Report warned Temporary Foreign Worker Program was poised for misuse

Matthew Coutts
Daily Brew

It is increasingly apparent that the controversy surrounding the Royal Bank of Canada allegedly replacing Canadian employees with cheaper temporary foreign workers is not a standalone issue, but rather the inevitable outcome of an immigration program that was flawed from the outset.

RBC continues to deny any wrongdoing after 45 IT positions were contracted out to an outsourcing agency, iGate, which employs foreign workers who have received temporary work permits.

Since then, however, several former employees of other financial institutions, including TD Bank, CIBC and the Bank of Montreal, have told CBC News they were similarly replaced by temporary workers in the past year or so.

In fact, controversy stretches back to last year, when a British Columbia mining operation was found to have hired 200 Chinese workers under the Temporary Foreign Worker Program without taking the necessary steps to attempt to hire qualified Canadians.

[ Debate: Are banks using immigration loopholes to hire temp workers? ]

The Temporary Foreign Worker Program (TFWP) is designed to help Canadian employers fill vacant positions “when Canadian citizens and permanent residents are not available to do the job.” But it appears the system is being abused. The Toronto Star reports that iGate received government clearance to hire temporary foreign workers, raising questions about how RBC ended up hiring the agency to fill those outsourced positions.

An immigration report dating back to 2011 claims the TFWP is tilted to provide access to an inexpensive, disposable foreign workforce without concern for the workers. The United Food and Commercial Workers Union’s (UFCW) "Report on the Status of Migrant Workers in Canada" claims the Temporary Foreign Workers Program took the management of immigration out of the hands of the government and gave it to businesses.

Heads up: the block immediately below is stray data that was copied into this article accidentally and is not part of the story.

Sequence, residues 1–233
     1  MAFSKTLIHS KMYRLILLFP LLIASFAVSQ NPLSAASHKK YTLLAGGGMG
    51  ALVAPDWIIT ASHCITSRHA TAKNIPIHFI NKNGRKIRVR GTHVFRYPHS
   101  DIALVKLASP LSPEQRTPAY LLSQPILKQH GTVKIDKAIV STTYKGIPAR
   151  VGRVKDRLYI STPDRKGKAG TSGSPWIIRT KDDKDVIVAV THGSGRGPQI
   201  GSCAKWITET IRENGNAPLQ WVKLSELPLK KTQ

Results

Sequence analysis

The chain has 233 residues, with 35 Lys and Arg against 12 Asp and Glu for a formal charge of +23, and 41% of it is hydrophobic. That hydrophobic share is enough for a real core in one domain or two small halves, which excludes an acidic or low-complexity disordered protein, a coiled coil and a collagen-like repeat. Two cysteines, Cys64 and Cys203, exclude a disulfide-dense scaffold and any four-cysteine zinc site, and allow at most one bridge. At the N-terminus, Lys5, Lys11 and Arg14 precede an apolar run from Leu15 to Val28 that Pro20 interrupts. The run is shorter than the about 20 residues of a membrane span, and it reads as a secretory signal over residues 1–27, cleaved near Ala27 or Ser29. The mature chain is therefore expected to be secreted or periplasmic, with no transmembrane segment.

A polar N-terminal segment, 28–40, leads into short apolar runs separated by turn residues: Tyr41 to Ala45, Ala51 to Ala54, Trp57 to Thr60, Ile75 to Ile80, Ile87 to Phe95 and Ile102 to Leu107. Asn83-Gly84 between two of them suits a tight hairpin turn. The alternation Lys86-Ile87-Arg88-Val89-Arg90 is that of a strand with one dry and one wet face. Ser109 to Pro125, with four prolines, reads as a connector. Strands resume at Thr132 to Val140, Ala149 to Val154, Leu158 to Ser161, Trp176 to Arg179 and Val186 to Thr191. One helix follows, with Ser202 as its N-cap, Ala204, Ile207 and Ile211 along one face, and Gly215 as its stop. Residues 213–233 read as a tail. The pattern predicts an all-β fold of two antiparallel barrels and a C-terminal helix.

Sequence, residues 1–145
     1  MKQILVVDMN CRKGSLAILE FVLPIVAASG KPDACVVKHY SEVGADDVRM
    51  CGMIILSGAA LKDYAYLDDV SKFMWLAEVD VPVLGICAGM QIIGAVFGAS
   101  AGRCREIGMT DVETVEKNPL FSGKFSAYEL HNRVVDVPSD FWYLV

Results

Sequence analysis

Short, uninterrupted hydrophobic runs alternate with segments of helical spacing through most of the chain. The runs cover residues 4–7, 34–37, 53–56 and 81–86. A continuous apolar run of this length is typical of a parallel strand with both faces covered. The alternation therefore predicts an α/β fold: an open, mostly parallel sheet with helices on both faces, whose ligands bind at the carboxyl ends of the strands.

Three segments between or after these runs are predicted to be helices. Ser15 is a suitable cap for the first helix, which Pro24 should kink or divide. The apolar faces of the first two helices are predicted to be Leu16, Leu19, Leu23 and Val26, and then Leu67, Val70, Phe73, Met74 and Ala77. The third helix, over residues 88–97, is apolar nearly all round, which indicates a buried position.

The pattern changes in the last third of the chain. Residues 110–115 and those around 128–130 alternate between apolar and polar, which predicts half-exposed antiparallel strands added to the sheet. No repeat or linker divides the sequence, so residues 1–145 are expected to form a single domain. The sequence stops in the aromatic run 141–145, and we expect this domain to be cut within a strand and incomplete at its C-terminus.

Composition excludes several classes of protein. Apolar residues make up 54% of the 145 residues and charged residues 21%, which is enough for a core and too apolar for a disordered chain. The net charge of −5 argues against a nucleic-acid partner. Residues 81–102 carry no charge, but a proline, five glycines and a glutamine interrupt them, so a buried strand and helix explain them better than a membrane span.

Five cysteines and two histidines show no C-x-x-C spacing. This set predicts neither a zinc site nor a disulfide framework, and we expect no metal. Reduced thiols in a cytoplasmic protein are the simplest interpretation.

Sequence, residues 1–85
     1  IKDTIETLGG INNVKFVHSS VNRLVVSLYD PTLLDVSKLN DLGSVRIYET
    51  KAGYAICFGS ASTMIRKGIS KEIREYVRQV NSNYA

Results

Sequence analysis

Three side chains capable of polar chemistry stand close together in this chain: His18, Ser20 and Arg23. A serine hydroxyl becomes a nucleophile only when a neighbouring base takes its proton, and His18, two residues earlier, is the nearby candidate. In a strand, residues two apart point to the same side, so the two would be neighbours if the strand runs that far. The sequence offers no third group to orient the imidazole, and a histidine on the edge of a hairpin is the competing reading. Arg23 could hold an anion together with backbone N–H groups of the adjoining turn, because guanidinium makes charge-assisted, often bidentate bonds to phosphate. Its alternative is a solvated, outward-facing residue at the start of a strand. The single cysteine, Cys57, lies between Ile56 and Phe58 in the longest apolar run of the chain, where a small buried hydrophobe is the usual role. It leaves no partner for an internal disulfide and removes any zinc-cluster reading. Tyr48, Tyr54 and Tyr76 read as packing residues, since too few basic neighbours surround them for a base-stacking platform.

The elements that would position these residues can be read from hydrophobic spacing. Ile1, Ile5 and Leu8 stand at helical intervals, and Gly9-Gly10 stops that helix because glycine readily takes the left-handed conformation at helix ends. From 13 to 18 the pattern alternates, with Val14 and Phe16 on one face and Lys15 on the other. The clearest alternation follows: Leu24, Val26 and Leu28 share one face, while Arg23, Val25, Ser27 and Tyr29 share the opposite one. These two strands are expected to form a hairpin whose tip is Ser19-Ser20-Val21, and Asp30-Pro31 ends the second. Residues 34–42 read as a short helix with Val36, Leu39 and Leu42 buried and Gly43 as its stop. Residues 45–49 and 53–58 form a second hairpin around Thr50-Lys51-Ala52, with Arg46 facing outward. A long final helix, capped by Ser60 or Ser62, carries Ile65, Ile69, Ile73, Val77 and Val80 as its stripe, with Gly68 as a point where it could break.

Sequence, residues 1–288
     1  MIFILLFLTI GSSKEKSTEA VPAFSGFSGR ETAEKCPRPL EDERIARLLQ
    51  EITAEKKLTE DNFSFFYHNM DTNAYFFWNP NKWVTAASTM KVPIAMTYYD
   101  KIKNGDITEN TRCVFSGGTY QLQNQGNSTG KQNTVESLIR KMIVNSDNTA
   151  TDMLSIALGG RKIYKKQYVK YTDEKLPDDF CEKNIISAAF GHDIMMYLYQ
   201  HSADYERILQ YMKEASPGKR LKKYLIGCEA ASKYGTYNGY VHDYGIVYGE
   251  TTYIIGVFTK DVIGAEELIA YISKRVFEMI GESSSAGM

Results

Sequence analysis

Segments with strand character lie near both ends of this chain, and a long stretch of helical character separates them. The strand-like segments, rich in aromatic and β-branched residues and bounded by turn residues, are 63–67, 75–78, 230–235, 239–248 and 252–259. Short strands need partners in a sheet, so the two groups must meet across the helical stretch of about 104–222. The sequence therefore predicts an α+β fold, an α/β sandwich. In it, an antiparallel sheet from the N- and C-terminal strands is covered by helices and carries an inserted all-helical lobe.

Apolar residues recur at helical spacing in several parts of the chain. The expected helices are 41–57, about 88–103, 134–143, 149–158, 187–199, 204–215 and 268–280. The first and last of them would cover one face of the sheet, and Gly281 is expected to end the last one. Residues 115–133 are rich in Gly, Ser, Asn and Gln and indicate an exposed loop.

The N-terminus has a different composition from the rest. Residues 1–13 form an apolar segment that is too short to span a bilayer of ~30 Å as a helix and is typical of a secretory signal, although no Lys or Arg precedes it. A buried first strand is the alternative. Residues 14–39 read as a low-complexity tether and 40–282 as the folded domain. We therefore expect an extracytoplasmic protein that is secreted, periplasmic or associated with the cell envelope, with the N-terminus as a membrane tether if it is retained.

“Employers wield their control over workers unfettered by effective governmental oversight or the mediating power of a union,” the report reads. “When one of the few rules that do exist relating to migrant workers is violated by the employer, it is the migrant worker and not the employer who typically pays the price.”

[ More Brew: RBC outsourcing controversy a new low-point for TFWP ]

UFCW president Wayne Hanley took a harsher line with the current RBC controversy, claiming the government turned a blind eye to flaws in the system.

“This shameful deceit is just another example of how the Harper government's temporary foreign worker programs were designed to benefit a handful of wealthy companies and Harper’s super-rich corporate friends," Hanley said in a statement.

The program is intended to fill vacancies, not cut bottom lines. Yet it seems there have been concerns for some time. Economist Erin Weir wrote in the Globe and Mail that the program needed to be reined in, with the number of temporary foreign workers in Canada ballooning to 338,000 under the Harper government.

“With remarkably little evidence or public consultation, the Temporary Foreign Worker Program has added the equivalent of a small province to Canada’s labour market," he wrote.

How many of those are filling vacancies, and how many are taking jobs? Is there any way to be sure?